The State of the Interfaith Nation
January 6, 2021
The turn of the year and the presidential transition brings the spirit of forward momentum. As we begin to navigate our changing reality as a country, it is also necessary to pause and take stock. For those of us committed to the American project, what has the past year taught us about who we are, and who we might become? What did we learn from the 2020 election? How do we think about the future of our religiously diverse democracy in this transitional time?
There are many true things we can say about this American moment: we are a nation in crisis. We are a nation wracked by grief as a historic pandemic rages on. We are in the grips of a long-overdue racial reckoning. We are rapidly diversifying. Our trust in institutions and each other is declining. We are deeply, deeply divided.
Yet, in every one of the big stories of this past year – the Covid crisis and the health and economic devastation that it wrought, the election of Joe Biden and Kamala Harris, the racial reckoning – interfaith cooperation was present.
A typical hospital in the United States has a Muslim doctor working with a Jewish respiratory therapist supported by a Hindu nurse in a room sanitized by a Buddhist at an institution founded by a Catholic religious order whose CEO is a secular humanist who grew up Lutheran. The fact that this interfaith cooperation happens every day in virtually every health care facility in the United States does not make it any less remarkable for being so common. It’s the kind of interfaith cooperation that saves lives.
Here is another way that the efforts of people from a range of religious communities keep people alive: the volunteering of diverse faith communities that supports social services like food depositories and grocery deliveries. Over 2/3 of the volunteers and food distribution sites associated with the Greater Chicagoland Food Depository are diverse faith groups.
Diverse religious groups were also front and center in the racial reckoning of the summer. The thousands of people who flooded our nation’s streets were also a cross-section of America’s religious diversity. Sikh and secular, Baptist and Buddhist – a coalition of religiously and ethically motivated individuals showed their solidarity in protest and advocacy. Even the Mennonite Church spoke out about the essential need for racial justice to truly achieve peace. As was the case in the civil rights movements of the 1960s and 1970s, interfaith collaborators fuel the movement for racial justice today.
The White House will soon be a reflection of this kind of interfaith cooperation. Joe Biden is only the second Catholic to be elected to the nation’s highest office. The fact that he referred to his Catholic faith often, and that it was broadly viewed as a benefit to his candidacy, shows just how far America has come from its anti-Catholic past. Kamala Harris has her own inspiring story of religious diversity. She grew up with a Hindu mother, attending a Black Baptist church with a friend, and is now married to a Jewish man. Biden and Harris’s religious values and belief in interfaith relationships have been on full display in the inclusive nature of their campaign.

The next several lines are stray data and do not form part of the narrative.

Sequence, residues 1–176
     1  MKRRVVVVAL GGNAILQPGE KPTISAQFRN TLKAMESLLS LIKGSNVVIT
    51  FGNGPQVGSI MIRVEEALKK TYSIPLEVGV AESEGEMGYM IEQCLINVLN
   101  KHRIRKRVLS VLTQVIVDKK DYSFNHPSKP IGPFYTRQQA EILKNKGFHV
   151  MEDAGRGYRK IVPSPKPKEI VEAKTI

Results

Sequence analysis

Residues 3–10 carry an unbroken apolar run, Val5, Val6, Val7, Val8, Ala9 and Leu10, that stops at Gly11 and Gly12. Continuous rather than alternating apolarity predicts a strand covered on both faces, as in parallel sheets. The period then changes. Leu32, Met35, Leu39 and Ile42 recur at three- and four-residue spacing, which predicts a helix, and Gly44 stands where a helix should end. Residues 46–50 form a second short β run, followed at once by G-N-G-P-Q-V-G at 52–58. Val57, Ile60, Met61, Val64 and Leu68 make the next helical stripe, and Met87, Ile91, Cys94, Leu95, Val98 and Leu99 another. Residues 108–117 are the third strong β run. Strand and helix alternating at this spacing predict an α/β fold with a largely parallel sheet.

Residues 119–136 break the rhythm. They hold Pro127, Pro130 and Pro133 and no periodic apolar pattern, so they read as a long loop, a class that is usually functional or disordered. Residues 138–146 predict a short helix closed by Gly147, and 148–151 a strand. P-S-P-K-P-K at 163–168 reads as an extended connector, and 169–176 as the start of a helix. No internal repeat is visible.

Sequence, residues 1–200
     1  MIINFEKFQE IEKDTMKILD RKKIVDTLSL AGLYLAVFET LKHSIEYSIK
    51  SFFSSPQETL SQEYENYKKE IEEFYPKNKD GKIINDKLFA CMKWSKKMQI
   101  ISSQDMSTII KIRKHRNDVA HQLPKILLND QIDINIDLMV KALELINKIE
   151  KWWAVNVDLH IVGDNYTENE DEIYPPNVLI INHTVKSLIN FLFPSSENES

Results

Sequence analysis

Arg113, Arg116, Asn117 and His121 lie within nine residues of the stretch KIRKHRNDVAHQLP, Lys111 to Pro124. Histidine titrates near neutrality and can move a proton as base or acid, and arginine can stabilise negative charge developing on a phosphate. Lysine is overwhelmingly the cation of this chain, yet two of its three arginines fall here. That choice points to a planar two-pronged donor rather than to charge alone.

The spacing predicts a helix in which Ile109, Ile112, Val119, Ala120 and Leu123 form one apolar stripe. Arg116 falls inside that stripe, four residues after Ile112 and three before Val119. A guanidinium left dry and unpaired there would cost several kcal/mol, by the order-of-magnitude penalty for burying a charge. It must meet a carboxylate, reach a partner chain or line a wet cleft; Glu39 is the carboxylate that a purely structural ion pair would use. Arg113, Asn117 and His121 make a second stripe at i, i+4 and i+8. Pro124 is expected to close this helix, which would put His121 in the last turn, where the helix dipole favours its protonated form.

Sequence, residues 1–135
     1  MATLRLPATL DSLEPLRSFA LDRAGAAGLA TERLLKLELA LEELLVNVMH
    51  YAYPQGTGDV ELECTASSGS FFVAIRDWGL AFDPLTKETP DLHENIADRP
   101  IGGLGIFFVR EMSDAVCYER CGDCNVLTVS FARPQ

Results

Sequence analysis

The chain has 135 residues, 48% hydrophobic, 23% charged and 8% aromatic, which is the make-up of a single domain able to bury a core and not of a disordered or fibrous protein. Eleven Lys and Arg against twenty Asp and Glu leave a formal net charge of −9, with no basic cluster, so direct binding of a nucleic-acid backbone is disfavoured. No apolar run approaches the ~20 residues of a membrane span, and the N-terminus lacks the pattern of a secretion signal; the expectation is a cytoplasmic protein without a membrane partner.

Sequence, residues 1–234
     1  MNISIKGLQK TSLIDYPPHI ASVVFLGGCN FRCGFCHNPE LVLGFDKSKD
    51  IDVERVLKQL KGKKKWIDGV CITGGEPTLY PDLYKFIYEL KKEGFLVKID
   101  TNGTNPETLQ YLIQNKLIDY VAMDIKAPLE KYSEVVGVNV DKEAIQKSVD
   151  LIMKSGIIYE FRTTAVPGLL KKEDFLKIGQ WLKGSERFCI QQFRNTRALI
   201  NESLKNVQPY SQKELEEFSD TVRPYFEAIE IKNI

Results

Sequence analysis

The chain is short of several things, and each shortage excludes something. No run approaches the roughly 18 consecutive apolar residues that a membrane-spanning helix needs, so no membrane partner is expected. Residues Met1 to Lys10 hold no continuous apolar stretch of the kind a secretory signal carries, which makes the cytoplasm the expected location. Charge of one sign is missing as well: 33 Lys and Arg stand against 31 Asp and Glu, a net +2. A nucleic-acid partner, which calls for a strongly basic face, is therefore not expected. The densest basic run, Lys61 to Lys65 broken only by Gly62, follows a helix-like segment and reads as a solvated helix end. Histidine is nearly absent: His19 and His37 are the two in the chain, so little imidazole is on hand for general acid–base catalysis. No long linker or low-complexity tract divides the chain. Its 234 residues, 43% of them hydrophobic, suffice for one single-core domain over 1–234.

How will the momentum from this interfaith cooperation carry us forward into 2021? What is the state of our interfaith nation, as we turn the page to a new year and a new presidential administration?
A diversity of perspectives is necessary to illuminate these types of complex questions without simple answers. When there is no obvious or conclusive response, a range of diverse viewpoints – from different racial, ideological, religious, and class backgrounds – can shed light on new insights and collectively shape a path forward into a new era.
Over the course of the next two weeks, we are honored to share with you over 15 essays as a part of a series we call The State of the Interfaith Nation. Our own reflection on the post-election moment inspired us to reach out to our network and ask how they were thinking about our interfaith America in this transition time between administrations. We asked a set of our respected colleagues to give us their honest assessment of where America is after the 2020 election and help vision a way forward in the midst of our deep divisions. We hope that these reflections, from a diverse cross-section of American civic leaders, will help us better understand our work in building a strong, religiously diverse democracy.
Taken together, we hope that this series will spark new insights, generate discussion in our virtual communities, and re-invigorate our commitment to strengthening our democracy. Above all, building interfaith America requires our collective passion – we hope that these pieces will fuel your passion for this work as they have for us.
We are truly thrilled to bring you pieces from the following exemplary leaders:
Please stay connected as this series is released and join in this conversation yourself online!
American Civic Life
American Civic Life